China to Build Tajik Police Base to Secure Afghan Border
(Bloomberg) -- Tajikistan has accepted a Chinese proposal to build a police outpost on the Afghan border, local media reported, in the latest indication of Beijing’s growing security concerns in the region after the U.S. withdrew from Kabul.
The Chinese Ministry of Public Security, which primarily oversees domestic security, will spend about 100 million soum ($9.4 million) on the facility before turning it over to Tajik control, local media Asia-Plus reported Thursday, citing remarks in parliament by First Deputy Interior Minister Abdurahmon Alamshozoda.
No Chinese personnel will be housed there, RFE/RL’s Tajik service reported, citing a local deputy. Still, the base is the latest sign of China’s increasingly willingness to make security commitments outside its borders. China has expressed alarm at the deteriorating situation in Afghanistan since the U.S. decision to remove its last forces from the country in August and urged the new Taliban government to prevent terror groups from forming.
Chinese Foreign Ministry spokesman Wang Wenbin told a regular news briefing Thursday in Beijing he was unaware of the reports about the project. Tajik officials did not immediately respond to a request for comment.
Chinese troops have been based in Tajikistan since at least 2016 at a outpost located near Shaymak, near a narrow strip of Afghan territory called the Wakhan, or Vakhon, Corrider that borders China’s Xinjiang region, the Washington Post has reported. The new facility would be located in Gorno-Badakhshan province’s Ishkashim district, Agence France-Presse reported, citing a parliamentary spokesperson. That’s further up the corridor toward Kabul and just 20 kilometers (12 miles) from Pakistan.
Beijing routinely rejects the description of its overseas military facilities as bases and Tajikistan has denied a Chinese military presence in the country. The Public Security Ministry, which is building the Vakhon outpost, is closely associated with the People’s Armed Police, a 1.5 million member paramilitary organization under the direct command of the Central Military Commission led by President Xi Jinping.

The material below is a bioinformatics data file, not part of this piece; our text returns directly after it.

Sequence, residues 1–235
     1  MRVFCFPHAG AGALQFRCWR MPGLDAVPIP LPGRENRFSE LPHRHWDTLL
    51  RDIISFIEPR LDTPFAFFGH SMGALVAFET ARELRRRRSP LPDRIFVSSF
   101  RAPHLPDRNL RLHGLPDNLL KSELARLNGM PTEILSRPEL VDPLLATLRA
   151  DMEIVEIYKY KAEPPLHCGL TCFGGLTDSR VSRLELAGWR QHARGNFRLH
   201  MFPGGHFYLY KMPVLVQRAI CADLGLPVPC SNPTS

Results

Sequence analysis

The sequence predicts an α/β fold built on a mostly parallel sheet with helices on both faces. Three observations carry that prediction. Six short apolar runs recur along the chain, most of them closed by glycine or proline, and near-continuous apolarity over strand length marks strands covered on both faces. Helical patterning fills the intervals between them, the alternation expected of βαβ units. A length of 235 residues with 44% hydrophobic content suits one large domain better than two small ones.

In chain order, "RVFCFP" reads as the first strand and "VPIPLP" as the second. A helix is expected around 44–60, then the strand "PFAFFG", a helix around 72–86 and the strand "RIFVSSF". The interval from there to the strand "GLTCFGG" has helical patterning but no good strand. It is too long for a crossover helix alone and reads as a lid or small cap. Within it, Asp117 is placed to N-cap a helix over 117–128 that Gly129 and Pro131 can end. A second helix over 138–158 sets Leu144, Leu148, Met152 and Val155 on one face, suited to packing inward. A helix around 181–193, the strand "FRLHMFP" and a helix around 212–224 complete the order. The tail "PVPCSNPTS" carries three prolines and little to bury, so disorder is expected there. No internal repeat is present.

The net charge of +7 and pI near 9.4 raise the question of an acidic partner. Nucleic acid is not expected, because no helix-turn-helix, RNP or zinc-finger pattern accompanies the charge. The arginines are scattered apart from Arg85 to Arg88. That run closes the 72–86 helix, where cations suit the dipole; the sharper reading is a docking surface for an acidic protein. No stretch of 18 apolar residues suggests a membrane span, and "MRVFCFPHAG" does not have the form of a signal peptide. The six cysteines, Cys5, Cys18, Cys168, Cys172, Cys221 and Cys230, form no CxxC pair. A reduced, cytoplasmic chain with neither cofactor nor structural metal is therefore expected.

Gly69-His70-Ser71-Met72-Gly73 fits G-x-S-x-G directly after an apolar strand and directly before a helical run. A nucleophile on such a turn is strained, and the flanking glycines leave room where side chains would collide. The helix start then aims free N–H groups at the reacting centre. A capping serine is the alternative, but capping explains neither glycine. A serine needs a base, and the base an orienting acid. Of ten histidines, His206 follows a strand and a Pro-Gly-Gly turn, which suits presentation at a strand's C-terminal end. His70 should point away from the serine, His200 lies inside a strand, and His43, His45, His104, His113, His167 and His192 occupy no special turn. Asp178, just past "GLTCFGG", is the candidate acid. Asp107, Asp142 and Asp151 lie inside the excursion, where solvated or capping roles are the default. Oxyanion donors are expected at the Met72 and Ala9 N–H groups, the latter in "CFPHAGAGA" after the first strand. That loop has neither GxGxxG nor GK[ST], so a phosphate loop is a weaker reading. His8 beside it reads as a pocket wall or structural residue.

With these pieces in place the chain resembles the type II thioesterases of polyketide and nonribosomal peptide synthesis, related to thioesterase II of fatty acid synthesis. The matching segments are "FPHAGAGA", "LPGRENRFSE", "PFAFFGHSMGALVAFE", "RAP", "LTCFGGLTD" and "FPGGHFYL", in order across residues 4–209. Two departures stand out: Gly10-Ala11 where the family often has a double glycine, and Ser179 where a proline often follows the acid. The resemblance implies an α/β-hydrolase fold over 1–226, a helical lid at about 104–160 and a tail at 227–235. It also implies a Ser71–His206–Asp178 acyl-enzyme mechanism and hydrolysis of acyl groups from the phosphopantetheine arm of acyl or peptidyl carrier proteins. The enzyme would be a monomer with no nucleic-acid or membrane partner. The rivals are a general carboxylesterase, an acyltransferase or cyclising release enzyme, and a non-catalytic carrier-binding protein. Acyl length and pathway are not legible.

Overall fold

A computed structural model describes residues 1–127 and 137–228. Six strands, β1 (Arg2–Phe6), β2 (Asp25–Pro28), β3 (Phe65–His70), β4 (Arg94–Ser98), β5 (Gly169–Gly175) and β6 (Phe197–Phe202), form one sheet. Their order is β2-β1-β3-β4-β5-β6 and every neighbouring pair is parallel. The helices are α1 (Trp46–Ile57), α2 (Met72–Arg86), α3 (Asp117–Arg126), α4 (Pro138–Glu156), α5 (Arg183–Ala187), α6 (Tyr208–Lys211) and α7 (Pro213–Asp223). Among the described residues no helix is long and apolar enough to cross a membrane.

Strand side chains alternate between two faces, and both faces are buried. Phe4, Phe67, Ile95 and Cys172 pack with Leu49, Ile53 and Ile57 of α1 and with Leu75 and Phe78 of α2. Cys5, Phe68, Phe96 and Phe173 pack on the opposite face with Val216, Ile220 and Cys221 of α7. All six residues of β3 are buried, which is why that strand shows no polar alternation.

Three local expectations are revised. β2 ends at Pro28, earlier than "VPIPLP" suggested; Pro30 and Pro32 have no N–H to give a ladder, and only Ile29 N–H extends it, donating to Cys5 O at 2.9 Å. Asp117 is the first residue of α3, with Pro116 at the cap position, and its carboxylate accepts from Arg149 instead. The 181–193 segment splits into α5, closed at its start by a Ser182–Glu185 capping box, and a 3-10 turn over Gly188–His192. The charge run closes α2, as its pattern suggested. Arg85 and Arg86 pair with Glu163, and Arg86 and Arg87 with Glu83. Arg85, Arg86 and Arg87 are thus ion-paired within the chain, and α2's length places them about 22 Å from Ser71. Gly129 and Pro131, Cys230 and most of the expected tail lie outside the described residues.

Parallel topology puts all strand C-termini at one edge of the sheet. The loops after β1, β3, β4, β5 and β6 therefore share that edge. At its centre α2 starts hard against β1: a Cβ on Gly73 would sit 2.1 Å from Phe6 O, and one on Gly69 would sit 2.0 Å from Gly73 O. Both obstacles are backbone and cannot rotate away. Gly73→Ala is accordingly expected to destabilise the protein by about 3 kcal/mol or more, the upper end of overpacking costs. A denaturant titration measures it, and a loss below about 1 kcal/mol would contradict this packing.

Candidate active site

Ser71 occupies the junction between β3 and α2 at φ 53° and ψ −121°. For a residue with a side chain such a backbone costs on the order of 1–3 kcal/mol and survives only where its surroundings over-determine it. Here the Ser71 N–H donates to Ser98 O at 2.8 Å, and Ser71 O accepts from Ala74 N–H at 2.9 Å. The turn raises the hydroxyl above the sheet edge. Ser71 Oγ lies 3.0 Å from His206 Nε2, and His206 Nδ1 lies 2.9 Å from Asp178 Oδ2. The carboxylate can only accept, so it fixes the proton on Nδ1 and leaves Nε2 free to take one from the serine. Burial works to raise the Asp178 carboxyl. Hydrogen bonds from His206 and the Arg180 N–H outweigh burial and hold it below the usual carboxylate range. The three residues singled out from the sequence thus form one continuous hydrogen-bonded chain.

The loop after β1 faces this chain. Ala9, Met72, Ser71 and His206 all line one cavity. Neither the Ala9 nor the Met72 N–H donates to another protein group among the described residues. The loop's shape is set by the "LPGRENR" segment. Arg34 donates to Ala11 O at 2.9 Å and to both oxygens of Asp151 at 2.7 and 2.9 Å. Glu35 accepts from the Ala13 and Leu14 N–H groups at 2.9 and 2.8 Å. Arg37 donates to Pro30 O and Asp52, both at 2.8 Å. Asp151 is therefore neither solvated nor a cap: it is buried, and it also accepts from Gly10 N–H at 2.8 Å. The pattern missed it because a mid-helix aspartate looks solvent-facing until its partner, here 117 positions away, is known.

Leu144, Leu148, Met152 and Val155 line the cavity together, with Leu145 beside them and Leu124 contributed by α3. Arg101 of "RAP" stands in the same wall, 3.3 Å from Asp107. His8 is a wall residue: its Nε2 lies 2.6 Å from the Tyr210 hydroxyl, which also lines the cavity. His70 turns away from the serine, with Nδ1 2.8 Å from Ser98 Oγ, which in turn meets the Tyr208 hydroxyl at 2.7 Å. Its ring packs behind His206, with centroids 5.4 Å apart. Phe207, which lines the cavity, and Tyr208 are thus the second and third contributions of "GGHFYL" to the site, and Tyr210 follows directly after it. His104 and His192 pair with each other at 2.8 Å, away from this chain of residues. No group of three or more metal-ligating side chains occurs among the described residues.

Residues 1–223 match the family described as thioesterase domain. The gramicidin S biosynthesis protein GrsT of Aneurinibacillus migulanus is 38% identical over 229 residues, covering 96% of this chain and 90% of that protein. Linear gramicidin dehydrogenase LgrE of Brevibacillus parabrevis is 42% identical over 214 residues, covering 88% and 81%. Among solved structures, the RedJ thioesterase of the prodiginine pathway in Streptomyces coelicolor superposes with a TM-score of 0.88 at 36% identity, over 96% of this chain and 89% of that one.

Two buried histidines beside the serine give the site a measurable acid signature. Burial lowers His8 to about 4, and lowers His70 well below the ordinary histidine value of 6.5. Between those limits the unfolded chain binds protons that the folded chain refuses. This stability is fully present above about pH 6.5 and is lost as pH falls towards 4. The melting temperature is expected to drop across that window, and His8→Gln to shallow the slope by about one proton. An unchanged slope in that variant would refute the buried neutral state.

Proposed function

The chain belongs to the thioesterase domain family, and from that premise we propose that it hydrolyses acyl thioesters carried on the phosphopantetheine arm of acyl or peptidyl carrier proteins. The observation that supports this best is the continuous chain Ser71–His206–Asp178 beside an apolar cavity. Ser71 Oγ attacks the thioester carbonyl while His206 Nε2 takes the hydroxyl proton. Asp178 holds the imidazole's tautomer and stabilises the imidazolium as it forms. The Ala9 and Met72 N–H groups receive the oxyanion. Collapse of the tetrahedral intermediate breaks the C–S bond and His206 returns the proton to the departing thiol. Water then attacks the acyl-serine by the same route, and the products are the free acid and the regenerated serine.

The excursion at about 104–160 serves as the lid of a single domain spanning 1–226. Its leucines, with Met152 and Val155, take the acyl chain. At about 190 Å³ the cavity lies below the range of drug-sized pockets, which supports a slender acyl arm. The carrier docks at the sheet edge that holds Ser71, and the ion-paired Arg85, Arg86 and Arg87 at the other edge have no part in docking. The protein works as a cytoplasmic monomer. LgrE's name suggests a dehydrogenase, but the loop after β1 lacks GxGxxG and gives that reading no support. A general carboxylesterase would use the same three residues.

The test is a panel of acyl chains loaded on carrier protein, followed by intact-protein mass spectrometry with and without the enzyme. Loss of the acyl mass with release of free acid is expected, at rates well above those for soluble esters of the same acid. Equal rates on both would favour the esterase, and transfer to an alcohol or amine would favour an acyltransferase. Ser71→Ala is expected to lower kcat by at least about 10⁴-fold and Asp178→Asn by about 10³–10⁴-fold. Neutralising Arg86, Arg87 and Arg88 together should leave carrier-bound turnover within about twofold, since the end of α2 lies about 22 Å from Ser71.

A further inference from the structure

China isn’t alone among major power seeking to firm up Tajikistan’s porous frontier. The U.S. announced last month that it would build a guard post in Ayvoj, its 13th since 2002. Russia said in May that it was financing the construction of a outpost on the Afghan border, without saying where. It also operates a military base in the country that it will equip with 30 new tanks this year, Interfax reported in September.
China views Afghanistan’s stability as key to prevent terrorist groups from spilling into Xinjiang and protect more than $50 billion worth of Belt-and-Road projects in neighboring Pakistan. Fu Xiaoqiang, vice director at the China Institutes of Contemporary International Relations, said in a commentary in August that the Afghan chaos had spilled into Tajikistan and Pakistan, and would continue to “implicate the peace along China’s western borders.”
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